Over at The Huffington Post, Daniel Goldstein, co-founder of Develop Don't Destroy Brooklyn, mocks the "blight" definition used by the Empire State Development Corporation to condemn property coveted by developers like Bruce Ratner (the subject of my column this week):
The apartment I wanted to buy, make my home, and start a family in had to be substandard or insanitary and it had to be in a substandard and insanitary neighborhood.
I wouldn't have it any other way. I could give up outdoor space, good views, good light, good transportation—all of that I could give up.
But substandard and insanitary? That was a must!…
I must have looked at 200 units over the next two years. Not one had that perfect combination I was looking for. The neighborhood was sanitary but the apartment substandard. Or the neighborhood substandard but the apartment sanitary. Or the apartment was substandard and insanitary (hallelujah!) but the neighborhood was standard and sanitary.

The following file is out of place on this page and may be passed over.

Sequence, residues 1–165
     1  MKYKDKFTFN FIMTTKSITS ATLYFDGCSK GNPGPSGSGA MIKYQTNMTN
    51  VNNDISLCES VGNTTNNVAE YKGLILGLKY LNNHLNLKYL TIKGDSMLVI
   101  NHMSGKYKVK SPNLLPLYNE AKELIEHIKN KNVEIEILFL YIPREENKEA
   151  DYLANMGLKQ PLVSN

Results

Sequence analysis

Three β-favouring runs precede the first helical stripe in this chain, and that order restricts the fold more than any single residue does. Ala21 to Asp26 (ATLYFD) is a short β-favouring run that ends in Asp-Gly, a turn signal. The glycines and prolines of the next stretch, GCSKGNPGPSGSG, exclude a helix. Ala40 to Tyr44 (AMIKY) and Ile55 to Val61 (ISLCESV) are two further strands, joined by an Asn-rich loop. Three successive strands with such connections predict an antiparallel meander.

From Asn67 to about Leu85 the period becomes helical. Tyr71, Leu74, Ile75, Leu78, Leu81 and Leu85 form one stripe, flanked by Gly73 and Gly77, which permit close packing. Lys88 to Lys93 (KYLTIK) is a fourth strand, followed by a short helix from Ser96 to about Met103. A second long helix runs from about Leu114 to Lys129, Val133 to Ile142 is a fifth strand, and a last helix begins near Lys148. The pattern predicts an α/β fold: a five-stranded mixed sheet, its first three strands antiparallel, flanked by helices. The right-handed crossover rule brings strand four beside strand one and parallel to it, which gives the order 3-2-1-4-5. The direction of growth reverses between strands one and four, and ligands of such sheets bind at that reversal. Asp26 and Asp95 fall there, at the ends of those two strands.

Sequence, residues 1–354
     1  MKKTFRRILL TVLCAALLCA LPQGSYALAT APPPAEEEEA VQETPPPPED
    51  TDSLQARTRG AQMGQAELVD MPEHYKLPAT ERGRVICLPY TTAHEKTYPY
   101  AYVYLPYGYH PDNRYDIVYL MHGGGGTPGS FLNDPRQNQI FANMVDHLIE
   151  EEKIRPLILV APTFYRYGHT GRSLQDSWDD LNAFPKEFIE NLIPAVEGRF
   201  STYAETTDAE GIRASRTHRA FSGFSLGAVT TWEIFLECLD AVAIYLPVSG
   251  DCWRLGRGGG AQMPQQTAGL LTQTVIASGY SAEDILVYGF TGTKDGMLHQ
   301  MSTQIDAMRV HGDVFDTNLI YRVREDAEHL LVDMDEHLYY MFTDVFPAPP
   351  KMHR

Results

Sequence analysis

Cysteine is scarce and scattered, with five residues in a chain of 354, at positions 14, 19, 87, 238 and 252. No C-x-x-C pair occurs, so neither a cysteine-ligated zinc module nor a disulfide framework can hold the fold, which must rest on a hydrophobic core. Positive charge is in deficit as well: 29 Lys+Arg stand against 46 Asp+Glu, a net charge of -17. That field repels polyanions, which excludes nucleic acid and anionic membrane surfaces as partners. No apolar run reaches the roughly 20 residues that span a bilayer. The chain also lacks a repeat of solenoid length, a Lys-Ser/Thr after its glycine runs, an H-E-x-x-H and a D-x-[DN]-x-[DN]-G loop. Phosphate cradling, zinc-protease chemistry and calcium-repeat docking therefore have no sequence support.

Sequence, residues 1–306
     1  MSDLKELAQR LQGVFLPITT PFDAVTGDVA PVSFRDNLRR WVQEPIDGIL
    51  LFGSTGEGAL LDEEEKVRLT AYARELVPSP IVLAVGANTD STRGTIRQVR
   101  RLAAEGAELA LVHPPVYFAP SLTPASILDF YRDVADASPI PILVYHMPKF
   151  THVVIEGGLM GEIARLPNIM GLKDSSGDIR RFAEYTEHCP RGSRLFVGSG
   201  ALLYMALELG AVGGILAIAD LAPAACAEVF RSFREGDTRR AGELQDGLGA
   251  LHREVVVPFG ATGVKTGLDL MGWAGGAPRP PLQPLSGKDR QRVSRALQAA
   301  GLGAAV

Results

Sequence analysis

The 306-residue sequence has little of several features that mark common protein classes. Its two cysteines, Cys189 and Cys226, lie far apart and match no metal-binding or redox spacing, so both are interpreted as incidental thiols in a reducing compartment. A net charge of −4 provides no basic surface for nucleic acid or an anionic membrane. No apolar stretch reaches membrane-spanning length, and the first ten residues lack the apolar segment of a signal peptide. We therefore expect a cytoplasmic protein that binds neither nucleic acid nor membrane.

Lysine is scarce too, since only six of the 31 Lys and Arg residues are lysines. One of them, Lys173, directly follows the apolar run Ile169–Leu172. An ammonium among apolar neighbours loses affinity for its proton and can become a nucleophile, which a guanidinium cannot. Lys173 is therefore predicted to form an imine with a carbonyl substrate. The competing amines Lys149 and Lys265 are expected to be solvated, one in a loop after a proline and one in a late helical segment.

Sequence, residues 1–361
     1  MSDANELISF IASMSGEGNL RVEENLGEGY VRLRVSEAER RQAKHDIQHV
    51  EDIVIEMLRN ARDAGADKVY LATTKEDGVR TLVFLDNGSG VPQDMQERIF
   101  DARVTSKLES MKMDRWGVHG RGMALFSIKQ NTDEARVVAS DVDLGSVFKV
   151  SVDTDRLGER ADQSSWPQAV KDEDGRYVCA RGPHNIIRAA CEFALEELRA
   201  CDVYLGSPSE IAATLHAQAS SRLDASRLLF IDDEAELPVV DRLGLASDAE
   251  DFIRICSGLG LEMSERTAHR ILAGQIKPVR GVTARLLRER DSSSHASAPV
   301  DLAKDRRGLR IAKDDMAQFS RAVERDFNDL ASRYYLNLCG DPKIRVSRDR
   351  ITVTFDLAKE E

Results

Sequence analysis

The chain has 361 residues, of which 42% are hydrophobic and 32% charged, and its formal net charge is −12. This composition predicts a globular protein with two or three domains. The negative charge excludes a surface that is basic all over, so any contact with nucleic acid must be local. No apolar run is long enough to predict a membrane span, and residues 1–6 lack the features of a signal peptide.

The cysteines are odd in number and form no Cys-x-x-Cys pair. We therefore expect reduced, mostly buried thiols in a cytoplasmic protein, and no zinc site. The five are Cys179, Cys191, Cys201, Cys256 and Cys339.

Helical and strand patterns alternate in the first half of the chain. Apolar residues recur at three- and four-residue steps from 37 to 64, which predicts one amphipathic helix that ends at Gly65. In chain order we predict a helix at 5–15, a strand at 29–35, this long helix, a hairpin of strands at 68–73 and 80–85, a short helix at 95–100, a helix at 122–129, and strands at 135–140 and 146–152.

It was a nightmare.
Earlier today, Damon Root considered the possibility that the New York State Court of Appeals will rehear Goldstein et al.'s challenge to Ratner's Atlantic Yards project in light of the eminent domain collusion and dishonesty highlighted by last week's decision involving Columbia University's proposed expansion. Goldstein explained why he's fighting on Reason Online in October.